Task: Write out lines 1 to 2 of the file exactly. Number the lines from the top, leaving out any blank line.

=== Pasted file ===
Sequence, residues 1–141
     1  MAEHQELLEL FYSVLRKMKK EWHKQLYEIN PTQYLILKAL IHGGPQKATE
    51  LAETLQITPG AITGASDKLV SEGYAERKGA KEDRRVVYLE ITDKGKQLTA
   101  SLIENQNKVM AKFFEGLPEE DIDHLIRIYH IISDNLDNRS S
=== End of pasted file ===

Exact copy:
Sequence, residues 1–141
     1  MAEHQELLEL FYSVLRKMKK EWHKQLYEIN PTQYLILKAL IHGGPQKATE